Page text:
In addition, Moore wrote, “the approach that Dr. Bellamy takes engages with the struggles of how to ask questions, appraise multiple ways of knowing, and translate evidence to inform practices that keep at the forefront scientific rigor while also holding central issues of social justice, context and critical multiculturalism.”
Distinguished Teaching Award
The 2019 award for distinguished teaching goes to Debra Austin, professor of practice at the Sturm College of Law, where her contributions are credited with elevating DU’s Lawyering Process Program into the U.S. News Top 10 Legal Writing Programs.
Nominating letters written by Austin’s former students and teaching assistants portray a professor focused on empowering student success and well-being within the rigorous and intense world of legal education. The letters cite her teaching style, her mastery of legal research and writing, her concern for students’ well-being and her welcoming personality as attributes that make her an exceptional mentor and educator. In addition, students commend Austin for her “growth mindset,” which fosters an environment conducive to achievement by encouraging students to pay more attention to their intellectual and skill development and less to grades and academic standing.
As one former student noted, “Professor Austin taught me what it means to be a professional in the legal community and that although it may be hard to believe as a law student, grades are not determinative of our success. She taught me and continues to show me the importance of treating my colleagues with dignity and respect in a hypercompetitive environment.”
Faculty Service Award
In recognition of her service to the University, the community and her profession — not to mention her tireless work to advance DU’s commitment to inclusive excellence — Lisa Martinez, an associate professor of sociology and criminology, has been designated the recipient of DU’s Faculty Service Award.
Martinez, who joined the DU faculty in 2005, served her department as chair from 2014–17. She also chaired its recruitment committee and served on its tenure and promotion committee. Among her many contributions to her field, she has served as an associate editor of Law and Policy, a member of the editorial board for Critical Sociology and a grant reviewer for the National Science Foundation.
Martinez also serves as an interim faculty associate for the Office of Diversity and Inclusion, a position that calls on her to help various departments and divisions at DU enhance their inclusive excellence practices. Thanks to her track record of advancing inclusivity, she also was selected to lead, via the Center for Innovation in the Liberal and Creative Arts, the University’s efforts to bring together research on immigration from across the disciplines and to engage students and community organizations in this work.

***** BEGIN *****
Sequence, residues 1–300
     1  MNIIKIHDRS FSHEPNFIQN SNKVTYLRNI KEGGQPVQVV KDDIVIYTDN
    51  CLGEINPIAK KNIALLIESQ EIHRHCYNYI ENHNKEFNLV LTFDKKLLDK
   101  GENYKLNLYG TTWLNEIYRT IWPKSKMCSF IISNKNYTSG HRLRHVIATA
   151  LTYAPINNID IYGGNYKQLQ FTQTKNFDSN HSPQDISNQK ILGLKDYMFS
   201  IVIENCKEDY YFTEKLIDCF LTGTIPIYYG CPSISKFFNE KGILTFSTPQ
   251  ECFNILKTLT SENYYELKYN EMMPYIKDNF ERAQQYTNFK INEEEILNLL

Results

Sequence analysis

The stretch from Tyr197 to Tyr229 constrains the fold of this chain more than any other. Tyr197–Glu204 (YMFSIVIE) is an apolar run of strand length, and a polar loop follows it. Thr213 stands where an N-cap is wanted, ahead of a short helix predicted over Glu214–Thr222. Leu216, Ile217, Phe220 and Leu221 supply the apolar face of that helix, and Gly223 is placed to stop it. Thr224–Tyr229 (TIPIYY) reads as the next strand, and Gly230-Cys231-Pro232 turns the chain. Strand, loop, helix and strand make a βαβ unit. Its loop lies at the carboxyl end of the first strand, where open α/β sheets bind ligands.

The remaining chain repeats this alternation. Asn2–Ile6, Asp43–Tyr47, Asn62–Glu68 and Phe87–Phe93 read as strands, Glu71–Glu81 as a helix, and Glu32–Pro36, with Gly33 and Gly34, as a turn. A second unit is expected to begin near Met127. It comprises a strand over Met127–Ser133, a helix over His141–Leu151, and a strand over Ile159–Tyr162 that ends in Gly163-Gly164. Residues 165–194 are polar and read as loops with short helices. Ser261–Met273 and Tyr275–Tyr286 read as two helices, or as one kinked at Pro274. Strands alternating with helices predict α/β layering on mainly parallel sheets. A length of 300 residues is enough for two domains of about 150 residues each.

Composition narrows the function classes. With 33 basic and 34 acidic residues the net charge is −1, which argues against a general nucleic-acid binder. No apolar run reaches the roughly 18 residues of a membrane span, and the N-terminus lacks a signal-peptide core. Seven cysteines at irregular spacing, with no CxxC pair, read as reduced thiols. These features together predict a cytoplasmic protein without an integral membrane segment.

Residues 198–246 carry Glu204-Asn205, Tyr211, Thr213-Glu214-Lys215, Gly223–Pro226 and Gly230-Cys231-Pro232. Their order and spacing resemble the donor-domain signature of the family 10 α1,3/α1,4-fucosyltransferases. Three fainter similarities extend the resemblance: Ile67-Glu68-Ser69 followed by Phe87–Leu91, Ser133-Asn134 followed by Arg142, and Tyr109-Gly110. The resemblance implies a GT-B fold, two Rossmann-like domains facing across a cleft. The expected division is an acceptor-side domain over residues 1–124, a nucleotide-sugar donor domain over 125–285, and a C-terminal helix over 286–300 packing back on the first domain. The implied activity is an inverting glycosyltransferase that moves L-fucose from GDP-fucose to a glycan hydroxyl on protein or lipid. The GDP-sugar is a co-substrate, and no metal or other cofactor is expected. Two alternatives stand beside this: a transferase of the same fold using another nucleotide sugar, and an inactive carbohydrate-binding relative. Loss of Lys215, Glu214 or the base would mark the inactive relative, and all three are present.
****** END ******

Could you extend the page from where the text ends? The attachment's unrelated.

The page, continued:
Perhaps most important, Martinez is celebrated for her service to students. She has worked as faculty advisor to the Latino Student Alliance and has mentored first-generation students in the Pioneer Pathways Program. A letter from her colleagues also noted the countless hours she spends with her students: “Exceedingly generous with her time, she listens carefully, offers sage advice, and provides unflagging encouragement; she is a sounding board, counselor, and advocate.”
Ruth Murray Underhill Teaching Award
For nearly a decade, Josiah Hatch has been an adjunct faculty member at the Josef Korbel School of International Studies, primarily working with students pursuing degrees related to global finance, trade and economic integration.
An international business lawyer specializing in dispute resolution, Hatch brings his professional experience in law and with the U.S. International Trade Commission and the Federal Energy Administration to bear on course topics. Just as important, he is known for taking a personal interest in his students, not only directing their work in his classes but also offering invaluable career advice.
For these — and many other reasons — Hatch will receive the University’s Ruth Murray Underhill Teaching Award, which recognizes excellence in teaching by an adjunct faculty member.
In a letter nominating him for the award, a colleague called Hatch “irreplaceable,” noting that, “He is a consummate professional, a deeply engaging communicator and teacher and an extremely generous mentor, freely giving his time to support many students … .”
Hatch’s students, meanwhile, note that their experiences in his courses — among them, International Business Transactions, Multinational Corporations, Principles of International Law, and Globalization and International Economic Crime —enhance their intellectual development and prepare them for rewarding and productive careers.
During his time at Korbel, Hatch has done more than teach. He also has served as a member of the school’s Social Science Foundation.